Au­thor’s oblique prose suits its in­stru­ment

De­tails en­liven story about the theremin cre­ator

Calgary Herald - Calgary Herald New Condos - - Weekend Life - CHRIS RAN­DLE

Never a man prone to doubt, Vladimir Lenin once ex­pressed com­mu­nism as an equa­tion to be ful­filled: “Soviet power plus the elec­tri­fi­ca­tion of the en­tire coun­try.”

In 1920 he demon­strated what it might look like to an au­di­ence at the Krem­lin, dis­play­ing the map of some fu­ture Rus­sia, vastly il­lu­mi­nated — a ge­o­graphic reverie that re­quired power to be cut every­where else through­out Moscow.

Lenin ap­pears near the end of Sean Michaels’ de­but novel, be­mused and mar­vel­ling at a ma­chine that sum­mons mu­sic vis­i­ble only from the wave of an­ten­nae. Us Con­duc­tors fic­tion­al­izes the dis­parate ca­reers of Lev Ter­men, who de­vised both the first drum ma­chine and es­pi­onage tech­nol­ogy he called, like a sym­bol­ist writer, the Thing. (It’s a lot of fic­tion­al­iza­tion: In this telling, he re­ceives kung fu train­ing.)

Ter­men’s most fa­mous cre­ation was the theremin, which used those an­ten­nae to probe elec­tri­cal fields for melody, and when he went to the United States he took its name for him­self, rein­vented by his in­ven­tion.

Michaels shows Ter­men be­lat­edly sens­ing how con­tra­dic­tory his life be­came: the pa­tri­otic Soviet sci­en­tist dis­patched to Man­hat­tan as a kind of in­fil­tra­toren­trepreneur; the cheru­bic so­cial­ist who finds com­merce baf­fling but ends up de­fect­ing to mod­ernist com­posers and Har­lem night­clubs in­stead.

One would ex­pect Michaels to know such fre­quen­cies by ear. In 2003 he co-founded Said the Gramo­phone, a long-run­ning mp3 blog — which, un­like most of its re­main­ing peers, has never made a fetish of nov­elty, some­thing that even­tu­ally sub­sumed these sites in the same writhing hype mass as sec­ond-tier TV re­caps.

The Gramo­phone trio didn’t corkscrew deep in­side a par­tic­u­lar genre, ei­ther, con­tex­tu­al­iz­ing rar­i­ties of gangsta rap or fran­co­phone black metal. Cer­tain favourites emerged over time — folk mu­sic(s), idio­syn­cratic Cana­di­ans, pop craft from any­where — but Michaels et al treated mp3 blog­ging more like a mi­nor liter- Sean Michaels Ran­dom House Canada ary form, po­etic and enig­matic.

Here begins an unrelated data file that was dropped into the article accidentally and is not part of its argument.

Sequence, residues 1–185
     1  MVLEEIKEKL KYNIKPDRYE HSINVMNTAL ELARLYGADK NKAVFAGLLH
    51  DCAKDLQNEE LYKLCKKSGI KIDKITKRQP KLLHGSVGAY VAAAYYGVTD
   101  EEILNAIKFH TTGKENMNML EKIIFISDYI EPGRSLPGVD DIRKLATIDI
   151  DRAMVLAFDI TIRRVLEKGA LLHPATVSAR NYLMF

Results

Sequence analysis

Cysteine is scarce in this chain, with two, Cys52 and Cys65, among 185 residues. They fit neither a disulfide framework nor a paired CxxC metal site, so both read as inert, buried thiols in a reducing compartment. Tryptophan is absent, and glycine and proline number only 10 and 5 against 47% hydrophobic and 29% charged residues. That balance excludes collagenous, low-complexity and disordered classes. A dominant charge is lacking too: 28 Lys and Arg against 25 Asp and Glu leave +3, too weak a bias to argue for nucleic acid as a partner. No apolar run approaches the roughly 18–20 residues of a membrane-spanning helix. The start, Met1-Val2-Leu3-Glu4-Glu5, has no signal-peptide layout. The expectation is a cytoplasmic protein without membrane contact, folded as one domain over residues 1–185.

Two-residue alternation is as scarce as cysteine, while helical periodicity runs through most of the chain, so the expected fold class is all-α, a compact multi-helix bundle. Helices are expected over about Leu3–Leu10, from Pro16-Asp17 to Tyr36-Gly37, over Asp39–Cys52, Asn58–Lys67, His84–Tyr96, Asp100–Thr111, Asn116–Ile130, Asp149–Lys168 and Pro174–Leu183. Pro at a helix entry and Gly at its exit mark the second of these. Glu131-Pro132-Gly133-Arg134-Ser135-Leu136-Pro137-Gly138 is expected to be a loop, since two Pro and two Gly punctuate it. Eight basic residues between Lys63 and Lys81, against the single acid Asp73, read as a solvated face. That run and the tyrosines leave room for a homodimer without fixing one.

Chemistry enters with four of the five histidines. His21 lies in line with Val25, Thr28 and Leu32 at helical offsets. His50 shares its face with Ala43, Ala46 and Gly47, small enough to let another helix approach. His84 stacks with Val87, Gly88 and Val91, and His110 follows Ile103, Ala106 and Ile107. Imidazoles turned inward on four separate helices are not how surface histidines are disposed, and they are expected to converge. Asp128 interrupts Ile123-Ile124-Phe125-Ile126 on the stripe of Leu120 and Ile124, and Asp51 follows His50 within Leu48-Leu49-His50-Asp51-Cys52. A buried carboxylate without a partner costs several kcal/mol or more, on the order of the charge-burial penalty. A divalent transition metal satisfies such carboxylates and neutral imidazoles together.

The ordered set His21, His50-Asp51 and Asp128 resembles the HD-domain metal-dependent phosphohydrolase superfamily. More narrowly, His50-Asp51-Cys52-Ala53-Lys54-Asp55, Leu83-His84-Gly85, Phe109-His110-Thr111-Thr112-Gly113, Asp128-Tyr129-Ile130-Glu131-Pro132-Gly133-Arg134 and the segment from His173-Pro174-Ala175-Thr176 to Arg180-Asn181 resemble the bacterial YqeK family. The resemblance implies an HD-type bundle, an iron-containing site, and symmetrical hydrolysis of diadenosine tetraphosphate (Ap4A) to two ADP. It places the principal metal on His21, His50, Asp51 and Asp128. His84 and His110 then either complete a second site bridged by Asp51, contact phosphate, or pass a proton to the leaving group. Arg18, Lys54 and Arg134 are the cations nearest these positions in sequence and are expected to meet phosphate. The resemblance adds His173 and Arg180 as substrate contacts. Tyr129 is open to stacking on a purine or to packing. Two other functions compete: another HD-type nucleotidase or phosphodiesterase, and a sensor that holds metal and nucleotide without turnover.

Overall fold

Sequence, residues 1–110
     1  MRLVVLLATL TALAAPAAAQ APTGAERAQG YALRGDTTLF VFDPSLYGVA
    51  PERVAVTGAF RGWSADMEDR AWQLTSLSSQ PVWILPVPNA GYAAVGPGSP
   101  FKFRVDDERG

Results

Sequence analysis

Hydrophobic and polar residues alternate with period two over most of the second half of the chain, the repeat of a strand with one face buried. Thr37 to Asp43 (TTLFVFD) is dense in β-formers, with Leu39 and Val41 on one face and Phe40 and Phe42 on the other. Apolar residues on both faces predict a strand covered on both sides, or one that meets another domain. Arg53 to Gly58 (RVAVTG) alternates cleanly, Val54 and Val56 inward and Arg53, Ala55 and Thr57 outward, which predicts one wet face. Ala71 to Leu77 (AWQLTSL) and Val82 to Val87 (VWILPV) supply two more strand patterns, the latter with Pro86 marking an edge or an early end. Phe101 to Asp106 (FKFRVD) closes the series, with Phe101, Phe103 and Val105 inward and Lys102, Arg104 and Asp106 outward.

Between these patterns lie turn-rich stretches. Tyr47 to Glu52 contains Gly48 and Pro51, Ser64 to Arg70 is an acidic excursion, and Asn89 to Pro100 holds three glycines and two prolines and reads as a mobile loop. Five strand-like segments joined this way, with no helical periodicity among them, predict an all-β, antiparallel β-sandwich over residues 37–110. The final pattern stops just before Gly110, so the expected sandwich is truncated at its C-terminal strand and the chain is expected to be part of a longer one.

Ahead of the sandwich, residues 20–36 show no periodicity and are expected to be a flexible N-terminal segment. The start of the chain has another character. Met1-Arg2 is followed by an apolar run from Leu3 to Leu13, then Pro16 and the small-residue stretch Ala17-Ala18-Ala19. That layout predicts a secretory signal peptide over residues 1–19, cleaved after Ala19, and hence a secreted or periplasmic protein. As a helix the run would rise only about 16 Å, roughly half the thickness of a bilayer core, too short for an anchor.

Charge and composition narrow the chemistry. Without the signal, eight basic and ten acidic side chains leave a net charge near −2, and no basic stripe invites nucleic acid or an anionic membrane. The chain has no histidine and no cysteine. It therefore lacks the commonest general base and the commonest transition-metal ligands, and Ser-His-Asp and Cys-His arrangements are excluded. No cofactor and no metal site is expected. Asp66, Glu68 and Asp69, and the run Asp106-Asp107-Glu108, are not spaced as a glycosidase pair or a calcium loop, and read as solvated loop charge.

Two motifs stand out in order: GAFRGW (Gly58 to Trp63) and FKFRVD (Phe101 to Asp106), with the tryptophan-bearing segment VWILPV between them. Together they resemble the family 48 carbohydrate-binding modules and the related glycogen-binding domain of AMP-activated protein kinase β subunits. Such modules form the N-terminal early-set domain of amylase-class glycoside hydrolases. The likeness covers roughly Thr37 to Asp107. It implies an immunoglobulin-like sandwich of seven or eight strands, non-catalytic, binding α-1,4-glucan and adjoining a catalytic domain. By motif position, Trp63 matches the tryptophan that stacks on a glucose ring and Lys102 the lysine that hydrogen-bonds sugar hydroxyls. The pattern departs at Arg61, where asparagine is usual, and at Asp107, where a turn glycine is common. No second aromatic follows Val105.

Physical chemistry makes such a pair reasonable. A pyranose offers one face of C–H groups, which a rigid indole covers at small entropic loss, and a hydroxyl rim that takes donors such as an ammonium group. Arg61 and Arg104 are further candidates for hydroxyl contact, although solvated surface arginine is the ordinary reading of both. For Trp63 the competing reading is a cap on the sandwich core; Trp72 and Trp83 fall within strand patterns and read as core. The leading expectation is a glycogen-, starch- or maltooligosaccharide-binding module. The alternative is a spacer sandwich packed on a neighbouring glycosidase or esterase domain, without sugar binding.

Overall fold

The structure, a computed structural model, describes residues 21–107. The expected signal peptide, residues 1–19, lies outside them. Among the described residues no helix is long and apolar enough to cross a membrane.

The file it­self might only be back­ground mu­sic at din­ner, or heard faintly two seats away on the sub­way. One of his re­cent posts be­gins: “A train­ing reg­i­men. A pa­rade of many dif­fer­ent floats. A decade of var­ie­gated boyfriends. A very tall smoothie. A bag of weird 78s. A rave on the steppe.”

So Michaels knows oblique, the bet­ter to de­scribe an in­stru­ment whose sounds are all ghostly sug­ges­tion. What I didn’t an­tic­i­pate was his pre­cise re­gard for the small cru­cial mo­ments of per­for­mance, as when the young violinist Clara Reisen­berg, Ter­men’s never-quite-re­quited love, steps on­stage:

“You pre­sented the com­plete cello part on theremin. It is a com­po­si­tion of sus­tained and dev­as­tat­ing yearn­ing, a wa­ver­ing con­ver­sa­tion be­tween one voice and the en­sem­ble. Your right hand was a fist. You opened it one fin­ger at a time, ask­ing and with­draw­ing.”

Ear­lier, on more in­ti­mate terms, Ter­men ob­serves: “When your wrist touched the win­dow glass there was an in­stant when your mouth moved, al­most smil­ing, and then you said that you felt out­side and in­side at the same time.” Clara will mas­ter the theremin, but does not care to carry its name­sake with her too.

The breath­less prose guid­ing Ter­men’s New York spree takes on larger mean­ing once the scale of his ly­ing be­comes clear.

The end­ing makes both Theremins each other’s eerie re­verb: a sci­en­tist lis­ten­ing for hu­man song in elec­tri­cal par­ti­cles, forced to be­come an unlovely in­stru­ment them­selves.

Us Con­duc­tors

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